* Apache’s western Canada project to feed natgas to Asia
* Schlumberger sees more bullish growth in natgas demand
* Valero sees more fuel exports to Latin America as result
By Braden Reddall and Anna Driver
NEW ORLEANS, March 28 (Reuters) - Leading energy companies expect the nuclear disaster in Japan to underpin a shift toward the increased use of natural gas worldwide, executives said at a U.S. industry conference on Monday.
That would work well with the plans of U.S. producer Apache Corp (APA.N), which with partners aims to build an export terminal for liquefied natural gas in western Canada to serve Asian customers.
“That gas becomes more interesting to the market than it probably was three months ago,” Steve Farris, Apache’s chief executive, told the Howard Weil Energy Conference in New Orleans.
Apache is advancing plans to open the Kitimat LNG terminal in Canada, where it holds shale gas acreage. [ID:nN28190170]
The nuclear disaster gripping Japan could have long-term implications for all gas producers if Japan backed away from nuclear power. Already, official industry projections are for natural gas demand to grow by about 1.5 percent annually through 2035.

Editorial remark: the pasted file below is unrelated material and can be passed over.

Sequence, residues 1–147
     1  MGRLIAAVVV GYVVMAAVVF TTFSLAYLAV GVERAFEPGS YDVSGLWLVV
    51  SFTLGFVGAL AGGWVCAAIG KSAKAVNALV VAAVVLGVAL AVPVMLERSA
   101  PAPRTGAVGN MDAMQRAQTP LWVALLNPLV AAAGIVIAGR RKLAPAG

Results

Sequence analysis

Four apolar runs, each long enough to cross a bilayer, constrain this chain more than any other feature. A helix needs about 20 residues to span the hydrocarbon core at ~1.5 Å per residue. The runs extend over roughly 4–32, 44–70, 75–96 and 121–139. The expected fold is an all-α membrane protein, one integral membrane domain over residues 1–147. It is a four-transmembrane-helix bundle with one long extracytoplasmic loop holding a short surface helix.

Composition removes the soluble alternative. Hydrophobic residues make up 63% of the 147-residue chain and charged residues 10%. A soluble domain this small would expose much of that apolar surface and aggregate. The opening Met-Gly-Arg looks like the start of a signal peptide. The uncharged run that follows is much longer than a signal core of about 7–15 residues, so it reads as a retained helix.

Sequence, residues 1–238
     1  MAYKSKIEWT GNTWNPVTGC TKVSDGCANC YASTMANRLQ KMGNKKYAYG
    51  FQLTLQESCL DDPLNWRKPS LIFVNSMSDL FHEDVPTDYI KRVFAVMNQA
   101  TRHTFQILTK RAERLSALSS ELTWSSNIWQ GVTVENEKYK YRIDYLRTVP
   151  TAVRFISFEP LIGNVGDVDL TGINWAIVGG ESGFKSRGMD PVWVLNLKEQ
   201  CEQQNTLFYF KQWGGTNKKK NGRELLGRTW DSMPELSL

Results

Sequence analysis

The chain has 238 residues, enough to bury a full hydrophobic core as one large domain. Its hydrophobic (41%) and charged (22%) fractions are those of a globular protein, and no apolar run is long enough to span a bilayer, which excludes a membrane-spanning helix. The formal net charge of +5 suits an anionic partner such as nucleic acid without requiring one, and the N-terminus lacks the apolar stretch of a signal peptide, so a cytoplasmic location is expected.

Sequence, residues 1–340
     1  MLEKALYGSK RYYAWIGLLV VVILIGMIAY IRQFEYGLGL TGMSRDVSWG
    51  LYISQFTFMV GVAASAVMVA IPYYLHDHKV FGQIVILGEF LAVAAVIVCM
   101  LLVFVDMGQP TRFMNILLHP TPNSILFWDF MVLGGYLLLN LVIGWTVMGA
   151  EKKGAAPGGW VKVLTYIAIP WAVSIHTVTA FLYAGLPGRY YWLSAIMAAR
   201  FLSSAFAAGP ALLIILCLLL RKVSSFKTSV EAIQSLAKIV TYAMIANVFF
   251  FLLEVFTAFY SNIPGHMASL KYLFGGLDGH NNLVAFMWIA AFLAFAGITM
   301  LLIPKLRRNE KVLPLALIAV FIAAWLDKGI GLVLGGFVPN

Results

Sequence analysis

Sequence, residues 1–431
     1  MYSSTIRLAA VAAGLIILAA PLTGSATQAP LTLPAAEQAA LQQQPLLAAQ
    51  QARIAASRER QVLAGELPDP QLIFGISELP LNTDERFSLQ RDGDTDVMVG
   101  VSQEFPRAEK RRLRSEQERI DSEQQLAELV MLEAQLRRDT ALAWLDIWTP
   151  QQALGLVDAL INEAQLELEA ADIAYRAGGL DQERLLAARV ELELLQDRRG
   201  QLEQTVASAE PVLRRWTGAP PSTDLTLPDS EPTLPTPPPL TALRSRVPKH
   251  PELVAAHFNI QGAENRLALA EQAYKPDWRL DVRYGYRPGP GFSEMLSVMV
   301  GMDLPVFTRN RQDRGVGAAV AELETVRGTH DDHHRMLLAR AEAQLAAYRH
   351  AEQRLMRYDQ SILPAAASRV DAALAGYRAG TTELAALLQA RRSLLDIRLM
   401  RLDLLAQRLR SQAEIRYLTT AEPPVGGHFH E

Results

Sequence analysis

Andrew Gould, CEO of leading oilfield services company Schlumberger Ltd (SLB.N), said other forecasts are even more bullish, projecting annual growth rates of about 2 percent.
“A reassessment of the energy mix following the nuclear accident in Japan is likely to confirm higher demand growth for natural gas,” Gould said in his presentation at the conference.
The crisis is already shaking up Japan’s LNG trade. Tokyo Gas Co (9531.T), Japan’s biggest city gas supplier, said on Monday it had diverted an unspecified volume of LNG to Tokyo Electric Power Co (9501.T) to make up for output lost from two nuclear plants after this month’s huge quake. [ID:nL3E7ES03H]
While TEPCO may have spare fuel supplies now, as some of its thermal plants remain shut following the quake, it has said it will need more fuel, mainly LNG, for the summer to maximize thermal power production. [ID:nL3E7EP0BA]
The magnitude 9.0 quake on March 11 forced the closure of 23 percent of its total power sources, including hydro plants.
The impact on fuel markets has been felt in pockets elsewhere, ranging from a boost to LNG stocks in Britain[ID:nLDE72R0HS] to trans-Pacific trade.
Bill Klesse, CEO of U.S. refiner Valero Energy Corp (VLO.N), said at the conference that his company may benefit from higher exports to Latin America, which is an importer of Japanese fuel products, as Japan recovers from the earthquake and tsunami. (Reporting by Braden Reddall, editing by Gerald E. McCormick)